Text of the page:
National Periodical Publications (later known as DC Comics) parlayed its flying, nearly invincible hero into an empire.

First came the radio show, beginning in February 1940, with Bud Collyer as the voice of Superman.  Max and Dave Fleischer followed in September 1941 with the first Superman cartoon - exciting and sophisticated Technicolor storytelling that Leonard Maltin, in his animation history Of Mice and Magic, calls "among the best fantasy cartoons ever produced."  Kirk Alyn played Superman, and Noel Neill was tart-tongued Daily Planet reporter Lois Lane, in Columbia's 15-chapter serial in 1948; they reprised their roles in the sequel Atom Man vs. Superman two years later.

Low-budget studio Lippert released the first Superman feature in 1951: Superman and the Mole Men starring George Reeves and Phyllis Coates, which effectively served as the pilot for the long-running syndicated television series that went on the air in early 1953.  Reeves became the best known of the several actors to play Superman and was a hero to every youngster and young-at-heart who sat transfixed before their TV set.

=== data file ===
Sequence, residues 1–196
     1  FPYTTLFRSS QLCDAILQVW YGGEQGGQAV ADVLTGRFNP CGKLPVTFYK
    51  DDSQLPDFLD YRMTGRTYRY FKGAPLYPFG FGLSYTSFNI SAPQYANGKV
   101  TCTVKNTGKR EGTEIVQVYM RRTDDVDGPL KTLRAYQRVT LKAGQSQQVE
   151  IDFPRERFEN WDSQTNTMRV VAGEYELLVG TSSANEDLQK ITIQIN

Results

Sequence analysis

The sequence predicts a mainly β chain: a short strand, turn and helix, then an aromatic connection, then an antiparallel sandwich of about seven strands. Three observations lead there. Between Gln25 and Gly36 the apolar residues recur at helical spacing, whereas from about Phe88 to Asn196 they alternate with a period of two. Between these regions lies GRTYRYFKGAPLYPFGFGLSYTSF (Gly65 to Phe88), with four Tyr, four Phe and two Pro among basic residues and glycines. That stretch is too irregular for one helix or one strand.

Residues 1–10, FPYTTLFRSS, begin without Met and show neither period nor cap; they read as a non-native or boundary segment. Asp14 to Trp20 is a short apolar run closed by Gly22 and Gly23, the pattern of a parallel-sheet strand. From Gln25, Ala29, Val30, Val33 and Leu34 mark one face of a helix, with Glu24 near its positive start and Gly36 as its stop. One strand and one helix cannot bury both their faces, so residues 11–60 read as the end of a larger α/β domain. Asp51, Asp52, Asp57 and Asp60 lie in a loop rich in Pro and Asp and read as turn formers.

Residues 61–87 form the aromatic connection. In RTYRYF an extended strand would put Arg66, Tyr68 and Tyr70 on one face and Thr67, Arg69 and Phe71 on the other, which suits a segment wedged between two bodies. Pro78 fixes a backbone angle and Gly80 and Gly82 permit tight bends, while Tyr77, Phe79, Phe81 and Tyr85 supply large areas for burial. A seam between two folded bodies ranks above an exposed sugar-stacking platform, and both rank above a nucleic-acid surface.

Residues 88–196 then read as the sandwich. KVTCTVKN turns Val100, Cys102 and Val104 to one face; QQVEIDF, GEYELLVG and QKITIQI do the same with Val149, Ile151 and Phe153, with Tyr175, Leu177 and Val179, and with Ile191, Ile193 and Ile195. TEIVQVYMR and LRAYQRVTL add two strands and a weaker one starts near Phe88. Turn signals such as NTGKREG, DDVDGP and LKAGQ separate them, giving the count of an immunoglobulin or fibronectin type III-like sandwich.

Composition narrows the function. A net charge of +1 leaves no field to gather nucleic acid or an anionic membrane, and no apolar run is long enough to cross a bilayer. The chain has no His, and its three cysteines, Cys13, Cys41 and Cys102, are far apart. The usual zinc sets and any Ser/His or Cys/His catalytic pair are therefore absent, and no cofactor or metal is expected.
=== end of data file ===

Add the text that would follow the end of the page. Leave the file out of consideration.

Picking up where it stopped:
The last son of Krypton made an unlikely but surprisingly successful transition to Broadway in the musical It's a Bird, It's a Plane, It's Superman, which opened March 29, 1966 and ran for 129 performances.  Bob Holiday had the dual role, with Patricia Marand as Lois Lane, Linda Lavin (later TV's "Alice") as Sydney and the redoubtable Jack Cassidy as opportunistic Daily Planet gossip columnist Max Mencken.

By the mid-1970s, media conglomerate Warner Bros. had acquired DC and joined forces with European moguls Alexander and Ilya Salkind to make the biggest, splashiest Superman of all: the 1978 blockbuster that reinvigorated the legend and made a super-star of Christopher Reeve - even though Marlon Brando (as Kryptonian scientist Jor-El) and Gene Hackman (as villain Lex Luthor) got higher billing.  Reeve reprised the role in three sequels.  Helen Slater joined the franchise as his cousin Supergirl in 1984.